Archive for category Machine Shop

Monthly Image: Digital Machinist 14.4 Cover

I ain’t getting richer, but I did get mah pitcher onna cover of th’ Digital Machinist:

Digital Machinist Cover DM14.4 - Winter 2019
Digital Machinist Cover DM14.4 – Winter 2019

I just caught George Bulliss in a weak moment. [grin]

It’s the diamond drag holder on the CNC 3018-Pro, before the XL axis extension hackage., with the probe camera stuck to the left side.

You can say you knew me before …

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Needle Case Repair

A needle case emerged from the bottom of a drawer in need of repair:

Needle Case - unglued
Needle Case – unglued

The original joint used solvent glue and I suppose I could refresh it with acetone, but two blobs of hot melt glue seemed easier and, IMO, more durable.

In any event, it’s once more ready for use:

Needle Case - repaired
Needle Case – repaired

Hooray for another zero-dollar repair, although you can see why nobody else does them these days.

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HP 7475A Plotter: Ceramic Pen Tip Wear

An upcoming show-n-tell prompted me to make sure the HP 7475A plotter still worked and verify the pen stash. One of the ceramic pens expired during the first test plot and a refill didn’t improve its disposition, so I pulled a new-old-stock pen from its wrapper.

As expected, the defunct pen’s ink supply core had worn down to the surrounding ceramic nib:

HP 7475A Ceramic-tip pen - worn core
HP 7475A Ceramic-tip pen – worn core

The new pen looks like it has a brush sticking out:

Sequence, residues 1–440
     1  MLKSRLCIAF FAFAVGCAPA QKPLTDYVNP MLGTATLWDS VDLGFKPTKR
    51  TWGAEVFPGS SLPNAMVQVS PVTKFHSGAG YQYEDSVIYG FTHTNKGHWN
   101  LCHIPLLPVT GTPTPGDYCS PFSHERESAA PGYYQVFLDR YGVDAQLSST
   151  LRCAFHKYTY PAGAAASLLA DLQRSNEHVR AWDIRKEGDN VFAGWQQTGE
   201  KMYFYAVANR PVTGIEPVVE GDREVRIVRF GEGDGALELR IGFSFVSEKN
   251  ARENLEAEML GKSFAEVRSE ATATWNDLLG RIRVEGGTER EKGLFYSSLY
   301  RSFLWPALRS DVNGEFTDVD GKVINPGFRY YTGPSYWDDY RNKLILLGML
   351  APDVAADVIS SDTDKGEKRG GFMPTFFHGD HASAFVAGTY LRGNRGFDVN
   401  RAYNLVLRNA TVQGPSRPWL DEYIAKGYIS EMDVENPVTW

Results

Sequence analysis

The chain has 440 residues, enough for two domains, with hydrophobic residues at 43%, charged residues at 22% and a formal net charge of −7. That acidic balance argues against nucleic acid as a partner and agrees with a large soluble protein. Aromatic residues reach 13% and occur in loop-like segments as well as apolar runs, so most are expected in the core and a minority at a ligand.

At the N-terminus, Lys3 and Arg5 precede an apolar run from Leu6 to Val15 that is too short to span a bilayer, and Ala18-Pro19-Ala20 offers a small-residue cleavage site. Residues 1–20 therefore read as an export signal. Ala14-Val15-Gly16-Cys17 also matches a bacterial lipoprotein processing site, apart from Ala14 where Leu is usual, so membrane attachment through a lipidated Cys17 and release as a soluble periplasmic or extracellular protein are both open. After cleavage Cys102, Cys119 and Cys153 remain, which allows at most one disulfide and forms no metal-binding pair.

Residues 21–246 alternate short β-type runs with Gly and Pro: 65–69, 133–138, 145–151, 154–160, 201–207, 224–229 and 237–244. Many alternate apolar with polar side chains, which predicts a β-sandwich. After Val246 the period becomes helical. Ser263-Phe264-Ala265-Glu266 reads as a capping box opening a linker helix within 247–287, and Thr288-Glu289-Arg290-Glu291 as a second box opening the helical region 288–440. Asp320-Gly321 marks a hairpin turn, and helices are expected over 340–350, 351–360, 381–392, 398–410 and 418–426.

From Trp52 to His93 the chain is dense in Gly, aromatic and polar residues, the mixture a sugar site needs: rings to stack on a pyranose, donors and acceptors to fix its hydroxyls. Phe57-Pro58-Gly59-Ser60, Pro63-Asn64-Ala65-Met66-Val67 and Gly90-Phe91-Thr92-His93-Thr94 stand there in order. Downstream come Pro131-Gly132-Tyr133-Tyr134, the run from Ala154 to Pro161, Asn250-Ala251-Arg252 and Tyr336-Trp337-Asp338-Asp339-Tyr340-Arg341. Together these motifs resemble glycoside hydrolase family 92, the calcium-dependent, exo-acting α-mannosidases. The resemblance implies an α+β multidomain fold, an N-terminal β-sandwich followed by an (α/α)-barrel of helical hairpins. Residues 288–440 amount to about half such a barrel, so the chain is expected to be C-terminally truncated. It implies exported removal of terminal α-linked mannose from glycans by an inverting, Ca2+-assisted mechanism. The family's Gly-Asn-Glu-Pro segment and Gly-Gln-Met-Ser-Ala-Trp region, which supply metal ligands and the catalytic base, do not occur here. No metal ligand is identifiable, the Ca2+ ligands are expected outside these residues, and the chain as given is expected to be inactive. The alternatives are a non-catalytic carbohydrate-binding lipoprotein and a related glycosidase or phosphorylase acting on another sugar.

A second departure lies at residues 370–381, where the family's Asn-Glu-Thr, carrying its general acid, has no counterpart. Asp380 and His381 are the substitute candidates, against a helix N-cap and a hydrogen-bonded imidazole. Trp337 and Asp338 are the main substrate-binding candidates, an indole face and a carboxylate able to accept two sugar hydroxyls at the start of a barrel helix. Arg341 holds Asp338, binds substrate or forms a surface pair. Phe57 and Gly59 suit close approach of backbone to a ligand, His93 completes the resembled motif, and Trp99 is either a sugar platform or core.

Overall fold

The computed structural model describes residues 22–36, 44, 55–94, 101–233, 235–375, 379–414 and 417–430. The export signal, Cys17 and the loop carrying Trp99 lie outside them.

HP 7475A Ceramic-tip pen - fresh core
HP 7475A Ceramic-tip pen – fresh core

The new pen’s core looks slightly larger and, in fact, it’s labeled as 0.4 mm rather than 0.3 mm. The new-old-stock pen stash includes a few 0.2 mm ceramic pens; I should think of something requiring hairline detail.

It passed the manual scribble test and promptly ran out of ink during its first plot. I injected some blue ink and it’s now plotting happily for the first time in its life.

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Homage Tektronix Circuit Computer: Colored Scales

Although the original Tektronix Circuit Computer had relentlessly monochrome scales, a dash of color added a festive holiday look:

Tek CC - Pilot V5 - color test overview
Tek CC – Pilot V5 – color test overview

Well, OK, that’s excessive.

The intent was to see how the pens behaved, with an eye toward accenting general-purpose circular slide rule scales with a few colored characters.

The green pen shows how I built the arrows by drawing a line through vertical arrow characters:

Tek CC - Pilot V5 - plain paper - letters
Tek CC – Pilot V5 – plain paper – letters

I like blue ink entirely too much, having used a blue pen as my daily writer for most of my adult life:

Tek CC - Pilot V5 - plain paper - red blue
Tek CC – Pilot V5 – plain paper – red blue

Red ink for “backwards” scales and suchlike would work well, even if it’s too vivid for the tick marks:

Tek CC - Pilot V5 - plain paper - red green
Tek CC – Pilot V5 – plain paper – red green

Those are all on unlaminated plain paper, with plenty of room for improvement.

Seeing as how I’d be doing all the “tool changes” manually, optimizing the plotting sequence would be mandatory: one pen change per color per deck!

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CNC 3018XL: Pen Variations

Cheap 1 mm pens produce scratchy lines:

CNC 3018 - Cheap pen - plain paper
CNC 3018 – Cheap pen – plain paper

More expensive 0.5 mm Pilot Precise V5RT pens produce well-filled lines:

CNC 3018 - Pilot V5RT - plain paper
CNC 3018 – Pilot V5RT – plain paper

Both of those are on plain paper. Better paper would surely improve the results, while moving the cheap pen further into sow’s ear territory.

For reference, the cheap pens use a collet holder:

CNC3018 - Collet pen holder - assembled